In 2004 all of the above mentioned trends as far as human rights violations were concerned became even more pronounced, and became fully evident during the election campaign. This took place as a confrontation between the forces in power and the people, who had the strength and courage in the face of aggressive pressure to reject vote-rigging and assert their choice against those in power. Factors contributing to this victory were the appearance on the active public area of two generations who had not been crushed and crippled by an inferiority complex, and who had a modern world view, the growth of small and middle-scale business, the openness of the country, the numerous visits abroad of Ukrainian citizens, a developing public consciousness and readiness for changes, the growing strength of a civil society and, in particular, of the defence of rights. The youth movements of 2004 were unconsciously (and for a certain number of young people – consciously) human rights activists. They were, if one could put it that way, human rights activists on the offensive, as can be seen even at a semantic level in their banner: «You can’t stop freedom!»


As Vaclav Havel said, the Presidential elections in Ukraine were the funeral toll for the remnants of Ukrainian post-communism. The bell which rang on the capital’s Maidan Nezalezhnosti [Independence Square] heralded precisely its demise.  The development of events as they unfolded through Kuchma’s regime once again confirmed the old truth that a political regime, which violates human rights more and more flagrantly, is sooner or later doomed.


«It’s all just around the corner. Hold tight ...»

(January - November 2005)


At the beginning of 2005 a fundamentally new situation had emerged in Ukraine. The people, in open confrontation with the regime had, through peaceful non-violent means, asserted their choice. At the same time it was clear that the democratically elected President, Viktor Yushchenko, and his team had inherited a heavy burden of systematic and mass-scale violations of human rights, an immoral system of social relations, a corrupt and out of control State apparatus, plundered State revenue, and a country split between white and blue’ and ‘orange’ regions. On the other hand, the public’s expectations regarding swift reforms and an improvement in the standard of living were clearly unrealistic. Extraordinary steps were needed to achieve the anticipated breakthrough – the achievement of healthier social relations.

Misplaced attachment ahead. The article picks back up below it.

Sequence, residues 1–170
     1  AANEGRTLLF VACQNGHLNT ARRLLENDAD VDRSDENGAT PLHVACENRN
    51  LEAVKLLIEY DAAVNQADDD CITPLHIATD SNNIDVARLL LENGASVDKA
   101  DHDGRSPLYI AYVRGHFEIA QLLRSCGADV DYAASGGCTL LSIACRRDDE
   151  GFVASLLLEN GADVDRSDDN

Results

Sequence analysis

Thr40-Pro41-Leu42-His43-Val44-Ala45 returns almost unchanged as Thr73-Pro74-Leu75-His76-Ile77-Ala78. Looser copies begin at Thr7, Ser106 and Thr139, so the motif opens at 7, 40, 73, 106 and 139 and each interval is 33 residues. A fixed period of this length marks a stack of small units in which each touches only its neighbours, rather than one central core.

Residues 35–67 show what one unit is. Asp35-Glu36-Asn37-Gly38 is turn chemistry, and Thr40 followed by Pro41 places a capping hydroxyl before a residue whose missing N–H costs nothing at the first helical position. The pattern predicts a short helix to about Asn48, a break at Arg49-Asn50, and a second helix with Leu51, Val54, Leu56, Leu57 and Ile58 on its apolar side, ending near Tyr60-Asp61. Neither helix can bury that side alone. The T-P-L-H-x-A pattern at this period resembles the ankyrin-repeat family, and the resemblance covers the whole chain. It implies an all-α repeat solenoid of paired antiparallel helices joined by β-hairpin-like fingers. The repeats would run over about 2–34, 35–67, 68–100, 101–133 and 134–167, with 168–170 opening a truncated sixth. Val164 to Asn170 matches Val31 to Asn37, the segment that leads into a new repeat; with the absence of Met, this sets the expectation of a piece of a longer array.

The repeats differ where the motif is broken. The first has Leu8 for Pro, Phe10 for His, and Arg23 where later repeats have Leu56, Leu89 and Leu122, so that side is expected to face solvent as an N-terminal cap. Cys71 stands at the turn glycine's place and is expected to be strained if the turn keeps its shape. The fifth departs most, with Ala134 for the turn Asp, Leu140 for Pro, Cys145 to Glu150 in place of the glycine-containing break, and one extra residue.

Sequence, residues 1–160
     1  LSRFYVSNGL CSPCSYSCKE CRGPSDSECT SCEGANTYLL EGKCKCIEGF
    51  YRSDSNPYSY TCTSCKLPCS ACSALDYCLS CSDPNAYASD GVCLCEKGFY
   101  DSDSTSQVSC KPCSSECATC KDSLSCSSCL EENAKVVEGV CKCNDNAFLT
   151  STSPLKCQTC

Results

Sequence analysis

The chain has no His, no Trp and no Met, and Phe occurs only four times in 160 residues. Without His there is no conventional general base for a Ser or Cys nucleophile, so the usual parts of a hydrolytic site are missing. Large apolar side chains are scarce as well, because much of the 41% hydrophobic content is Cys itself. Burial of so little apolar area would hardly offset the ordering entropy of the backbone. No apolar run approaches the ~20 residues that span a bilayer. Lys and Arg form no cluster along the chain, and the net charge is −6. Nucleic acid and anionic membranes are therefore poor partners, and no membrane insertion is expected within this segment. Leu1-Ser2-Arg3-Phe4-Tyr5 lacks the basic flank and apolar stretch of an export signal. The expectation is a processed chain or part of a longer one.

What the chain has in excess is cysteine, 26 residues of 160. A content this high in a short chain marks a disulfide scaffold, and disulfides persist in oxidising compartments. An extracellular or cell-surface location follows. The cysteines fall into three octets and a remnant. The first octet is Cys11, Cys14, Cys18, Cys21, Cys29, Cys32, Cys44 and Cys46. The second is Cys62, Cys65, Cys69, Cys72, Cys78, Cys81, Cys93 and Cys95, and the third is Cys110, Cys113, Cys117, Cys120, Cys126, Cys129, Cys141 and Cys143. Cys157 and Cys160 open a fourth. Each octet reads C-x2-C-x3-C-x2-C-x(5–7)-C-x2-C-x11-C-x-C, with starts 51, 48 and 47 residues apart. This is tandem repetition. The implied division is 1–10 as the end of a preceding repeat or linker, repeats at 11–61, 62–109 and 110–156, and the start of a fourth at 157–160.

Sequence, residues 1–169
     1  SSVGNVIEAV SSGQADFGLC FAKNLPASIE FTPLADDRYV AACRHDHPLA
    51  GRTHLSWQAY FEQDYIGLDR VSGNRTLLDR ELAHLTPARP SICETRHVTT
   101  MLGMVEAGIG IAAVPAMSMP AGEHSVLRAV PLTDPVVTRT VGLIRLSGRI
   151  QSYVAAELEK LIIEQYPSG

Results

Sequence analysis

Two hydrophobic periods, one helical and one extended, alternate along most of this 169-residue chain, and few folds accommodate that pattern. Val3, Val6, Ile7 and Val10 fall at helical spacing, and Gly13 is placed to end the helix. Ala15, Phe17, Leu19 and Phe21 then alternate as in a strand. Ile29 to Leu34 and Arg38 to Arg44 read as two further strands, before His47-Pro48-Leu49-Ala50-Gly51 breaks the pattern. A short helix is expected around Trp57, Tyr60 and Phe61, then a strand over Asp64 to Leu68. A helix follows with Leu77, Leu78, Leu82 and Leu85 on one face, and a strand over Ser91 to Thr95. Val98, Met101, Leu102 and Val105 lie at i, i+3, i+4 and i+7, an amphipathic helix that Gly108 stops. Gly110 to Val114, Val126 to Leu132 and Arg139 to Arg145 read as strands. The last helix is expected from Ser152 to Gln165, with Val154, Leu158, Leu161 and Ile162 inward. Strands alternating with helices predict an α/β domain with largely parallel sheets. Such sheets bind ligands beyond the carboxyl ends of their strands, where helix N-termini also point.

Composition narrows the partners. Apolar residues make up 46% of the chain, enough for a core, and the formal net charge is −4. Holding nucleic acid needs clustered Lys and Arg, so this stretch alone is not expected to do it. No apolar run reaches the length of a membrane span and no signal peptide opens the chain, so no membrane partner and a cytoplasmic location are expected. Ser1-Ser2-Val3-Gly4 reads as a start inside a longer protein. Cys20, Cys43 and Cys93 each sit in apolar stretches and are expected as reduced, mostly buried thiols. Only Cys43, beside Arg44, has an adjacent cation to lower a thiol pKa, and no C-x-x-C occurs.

Back on 22 January the members of the All-Ukrainian Association of Human Rights Organizations “Ukrainian Helsinki Human Rights Union” congratulated the President upon his assumption of office and suggested a number of specific steps aimed at affirming and implementing human rights and fundamental freedoms. We proposed that a review be launched of the ‘constitutional reform’[4]; that a system allowing for individual constitutional petitions be introduced; that new draft laws for the Criminal Procedure and Penal Codes be drawn up; that new legislation on information technology be introduced; that legislative mechanisms be brought in which would finally make the judiciary independent and strong, that would create institutional mechanisms of public control, parliamentary and non-parliamentary; that would initiate a reform of local self-government; that a system of public service television and radio broadcasting be created. At the same time we understood that mere new laws would not work if  the rotten semi-feudal social system remained intact, with only proximity to those in power guaranteeing privileges and benefits, and where as a result of fiscal pressure no one could work without stealing, making each person vulnerable against the full power of the State. Convinced that it was specifically morally degeneration that had become one of the main causes of the social crisis which had led to the Orange Revolution, we also spoke of vital steps aimed at restoration, at abolishing the immoral system of social relations which had become entrenched under Kuchma’s regime, but which had originated in the communist era. We called for the immediate launching of an investigation into violations of human rights which had taken place in the place, especially those involving persecution of journalists, disappearances and political murders; repressions against individuals in connection with their political views or civic activity; the vote-rigging during the Presidential elections of 2004. We insisted that the results of such investigations be made public and that justice be restored as far as victims of such repression were concerned.  The steps we proposed also including immediately opening access to illegally classified legal acts of the President of Ukraine, the Cabinet of Ministers of Ukraine, the Prosecutor General and other executive bodies which were concealed under the unlawful stamps “Not to be printed”, “Not to be published” and “For official use only” (OU); ensuring separation of business interests and the regime; putting an end to the shameful practice of mass surveillance, in particular, wiretapping and interception of other means of communication; beginning the process of restructuring and reforming the State apparatus, in particular, law enforcement bodies; creating mechanisms for real public control over the activity of Ukrainian law enforcement bodies and public monitoring of penal institutions.  The plan we proposed for rooting out the communist legacy in society was given the name “dekuchmization”.